YouTube have deleted conspiracy theorist David Icke’s account.
The video-sharing site said the 68-year-old violated its policies on sharing information about coronavirus.
The former footballer has made controversial unproven claims about the virus on several internet platforms, including one that it is linked to the 5G mobile network.
The video service, owned by Google, told the BBC: “YouTube has clear policies prohibiting any content that disputes the existence and transmission of Covid-19 as described by the WHO and the NHS.
“Due to continued violation of these policies we have terminated David Icke’s YouTube channel.”
This comes after Countdown star Rachel Riley, the Community Security Trust and the MP Damian Collins were among public figures throwing their weight behind an open letter urging social media companies to “deplatform” the conspiracy theorist.
Icke has previously claimed the world is run by reptiles, has faced accusations of antisemitism from anti-racism and Jewish groups in the past.
The Center for Countering Digital Hate (CCDH) unveiled a report on Friday, alleging Icke is spreading “dangerous misinformation” about covid-19 to his two million followers, including the claim that “Sabbatian Frankists” and the Rothschilds are behind, or helped plan, the outbreak.
The ban follows a similar move by Facebook, who removed Icke’s page from their site on Friday.
Famous medics including Dr Christian Jessen and former junior doctor Adam Kay have called on social networks to remove Icke from their platforms.
They are backed by the Centre for Countering Digital Hate (CCDH), who claim Icke’s conspiracies over Covid-19 have been viewed more than 30 million times.
“We commend YouTube on bowing to pressure and taking action on David Icke’s channel,” said CCDH’s chief executive Imran Ahmed.
“However, there remains a network of channels and shadowy amplifiers, who promote Mr Icke’s content (and) need to be removed.”
They asked for other networks to follow the lead, and added: “It is time for Instagram and Twitter to follow Facebook and YouTube by acting to remove Icke and his content from their platforms.
“Lies cost lives in a global pandemic, and their failure to act promptly puts us all at risk.”
This comes after Ofcom sanctioned a local TV channel, London Live, for broadcasting an interview in which Icke aired “potentially harmful” views about the coronavirus pandemic. A London Live spokesperson said the TV channel “respects Ofcom’s decision in this case and apologises for any harm this may have caused.”
Thank you for helping to make Jewish News the leading source of news and opinion for the UK Jewish community. Today we're asking for your invaluable help to continue putting our community first in everything we do.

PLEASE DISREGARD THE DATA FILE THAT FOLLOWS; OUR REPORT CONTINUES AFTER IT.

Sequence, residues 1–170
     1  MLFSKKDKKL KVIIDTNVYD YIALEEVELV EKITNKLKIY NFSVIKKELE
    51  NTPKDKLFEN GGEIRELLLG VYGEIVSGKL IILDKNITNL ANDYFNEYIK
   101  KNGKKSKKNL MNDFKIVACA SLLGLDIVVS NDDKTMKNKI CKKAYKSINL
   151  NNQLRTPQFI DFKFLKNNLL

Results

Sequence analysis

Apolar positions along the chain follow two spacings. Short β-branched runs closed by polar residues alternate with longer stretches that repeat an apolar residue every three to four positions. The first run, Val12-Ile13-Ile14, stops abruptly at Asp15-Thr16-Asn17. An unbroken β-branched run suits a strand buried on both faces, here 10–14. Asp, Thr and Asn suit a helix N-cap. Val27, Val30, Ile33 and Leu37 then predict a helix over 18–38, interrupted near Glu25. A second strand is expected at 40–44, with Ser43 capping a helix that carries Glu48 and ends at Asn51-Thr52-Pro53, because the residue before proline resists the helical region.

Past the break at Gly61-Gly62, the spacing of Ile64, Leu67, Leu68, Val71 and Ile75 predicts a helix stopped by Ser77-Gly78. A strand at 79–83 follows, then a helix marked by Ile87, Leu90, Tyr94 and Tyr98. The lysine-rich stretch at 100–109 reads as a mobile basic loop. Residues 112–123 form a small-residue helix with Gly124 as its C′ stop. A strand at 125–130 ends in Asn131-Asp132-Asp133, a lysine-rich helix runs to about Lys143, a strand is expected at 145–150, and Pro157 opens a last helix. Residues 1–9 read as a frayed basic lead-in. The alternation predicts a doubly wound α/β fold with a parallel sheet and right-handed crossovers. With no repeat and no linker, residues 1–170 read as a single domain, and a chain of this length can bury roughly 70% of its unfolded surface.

For as little as £5 a month you can help sustain the vital work we do in celebrating and standing up for Jewish life in Britain.
Jewish News holds our community together and keeps us connected. Like a synagogue, it’s where people turn to feel part of something bigger. It also proudly shows the rest of Britain the vibrancy and rich culture of modern Jewish life.
You can make a quick and easy one-off or monthly contribution of £5, £10, £20 or any other sum you’re comfortable with.
100% of your donation will help us continue celebrating our community, in all its dynamic diversity...
Being a community platform means so much more than producing a newspaper and website. One of our proudest roles is media partnering with our invaluable charities to amplify the outstanding work they do to help us all.
There’s no shortage of oys in the world but Jewish News takes every opportunity to celebrate the joys too, through projects like Night of Heroes, 40 Under 40 and other compelling countdowns that make the community kvell with pride.
In the first collaboration between media outlets from different faiths, Jewish News worked with British Muslim TV and Church Times to produce a list of young activists leading the way on interfaith understanding.
Royal Mail issued a stamp honouring Holocaust hero Sir Nicholas Winton after a Jewish News campaign attracted more than 100,000 backers. Jewish Newsalso produces special editions of the paper highlighting pressing issues including mental health and Holocaust remembrance.
In an age when news is readily accessible, Jewish News provides high-quality content free online and offline, removing any financial barriers to connecting people.
Voice of our community to wider society
The Jewish News team regularly appears on TV, radio and on the pages of the national press to comment on stories about the Jewish community. Easy access to the paper on the streets of London also means Jewish News provides an invaluable window into the community for the country at large.
We hope you agree all this is worth preserving.